Meg Washington can do heaps of impressive shit.
You've probably seen or heard some of it over the years, what with the operas and TV soundtracks and TED Talks and voicing cartoon characters and that really dark eye shadow she wore while bringing showtunes back at the ARIAs in 2010.
Maybe you forgot during all the colour and noise that while Meg Washington can do heaps of impressive shit, the most impressive thing she does is write great songs. Meg doesn't blame you for that; for a while there, she almost forgot that herself.
It's been a big decade for all involved, but certainly for the artist formerly known as every possible permutation of her own name (including an exceptionally cool all-caps WASHINGTON), it's been a bit of an odyssey just to get back to square one. Having slayed all the monsters, even while carrying a baby in her belly, Meg recalled how much fun it was to write great songs about strange and icky things.
So here we are, then. 'Dark Parts'. A bonkers, kind-of pop song that's in ⅞ time. Two other artists that famously made ⅞ popular include Thom Yorke and Dave Brubeck. We just thought you might want to know that in case it comes up during the next Good Weekend quiz.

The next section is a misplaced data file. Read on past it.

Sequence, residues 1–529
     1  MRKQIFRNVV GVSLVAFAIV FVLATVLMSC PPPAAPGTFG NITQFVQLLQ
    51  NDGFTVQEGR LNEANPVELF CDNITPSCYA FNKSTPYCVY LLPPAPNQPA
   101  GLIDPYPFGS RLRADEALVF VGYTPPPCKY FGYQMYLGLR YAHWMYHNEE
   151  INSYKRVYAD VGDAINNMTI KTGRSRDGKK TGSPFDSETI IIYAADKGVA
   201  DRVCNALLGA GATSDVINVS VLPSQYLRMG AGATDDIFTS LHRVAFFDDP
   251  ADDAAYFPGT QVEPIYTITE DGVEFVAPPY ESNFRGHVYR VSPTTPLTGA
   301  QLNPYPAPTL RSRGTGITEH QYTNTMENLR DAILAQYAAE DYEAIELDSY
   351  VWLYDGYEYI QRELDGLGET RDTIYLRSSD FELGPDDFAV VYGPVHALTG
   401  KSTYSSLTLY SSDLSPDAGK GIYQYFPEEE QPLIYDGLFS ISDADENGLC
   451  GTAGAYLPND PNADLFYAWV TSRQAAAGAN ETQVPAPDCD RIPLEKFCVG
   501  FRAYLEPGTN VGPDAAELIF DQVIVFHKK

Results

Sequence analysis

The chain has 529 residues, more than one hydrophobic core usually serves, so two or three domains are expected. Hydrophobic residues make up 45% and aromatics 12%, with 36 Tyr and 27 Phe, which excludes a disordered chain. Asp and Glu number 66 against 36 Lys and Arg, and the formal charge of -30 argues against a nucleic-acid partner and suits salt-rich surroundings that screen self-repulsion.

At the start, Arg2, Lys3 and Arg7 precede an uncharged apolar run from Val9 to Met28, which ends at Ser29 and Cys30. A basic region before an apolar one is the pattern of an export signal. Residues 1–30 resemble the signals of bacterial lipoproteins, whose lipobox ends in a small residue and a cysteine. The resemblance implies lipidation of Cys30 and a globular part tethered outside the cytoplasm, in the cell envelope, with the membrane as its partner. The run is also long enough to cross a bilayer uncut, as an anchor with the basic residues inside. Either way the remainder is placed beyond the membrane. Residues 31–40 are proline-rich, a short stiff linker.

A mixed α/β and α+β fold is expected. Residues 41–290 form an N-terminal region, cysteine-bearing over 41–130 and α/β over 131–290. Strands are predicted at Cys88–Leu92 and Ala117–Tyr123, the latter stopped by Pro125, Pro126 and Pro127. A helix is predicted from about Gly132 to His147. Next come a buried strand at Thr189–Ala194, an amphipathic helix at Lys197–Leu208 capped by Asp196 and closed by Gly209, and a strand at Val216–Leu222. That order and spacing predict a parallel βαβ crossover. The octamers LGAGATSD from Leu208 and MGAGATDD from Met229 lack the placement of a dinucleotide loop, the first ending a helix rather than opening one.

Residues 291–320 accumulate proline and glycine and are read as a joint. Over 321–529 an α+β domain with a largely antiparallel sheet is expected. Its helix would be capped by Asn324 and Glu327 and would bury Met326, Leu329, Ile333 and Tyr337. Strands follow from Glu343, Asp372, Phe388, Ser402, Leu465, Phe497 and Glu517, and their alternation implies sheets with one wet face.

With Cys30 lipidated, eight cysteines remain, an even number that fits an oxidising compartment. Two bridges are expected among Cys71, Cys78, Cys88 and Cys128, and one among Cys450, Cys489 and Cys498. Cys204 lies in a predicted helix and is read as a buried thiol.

'Dark Parts' is the single that begets the album, but we'll talk about that later. It has handclaps and snaking left-hand piano and some very Presets-ish syncopated drum bits and sudden chord changes before the chorus because why not, right? It's the sound of pop music tearing at its own fabric, writhing in the darkness as Washington, ever the maestro, conducts this chaos from the centre. It's the first in a suite of tunes Meg turned upside down and shook out all the junk. 'I'm here to have fun,' she says. 'Why not just record music you like with people you like?'
Sam Dixon (Sia, Adele, Meg) is one of them, a guy that plays and produces everything. Konstantin Kersting (The Jungle Giants, Mallrat, Tones and I), another. Tracked the vocals down the road from Meg, in the same studio that birthed 'Dance Monkey' nary a month earlier. Turns out when the record concept isn't a 'concept' and the animated video is stuffed with intriguing creatures Meg's been hand-drawing in her daydreams and wickedly assembling in real life, it's not really laborious at all.
'Dark Parts' is what happens when an unquenchably creative person gets the keys back to that car they used to tear around in with the windows down and the stereo blasting. It's emotional, not cerebral. It's art, but you shouldn't need to be hushed and reverential to enjoy it.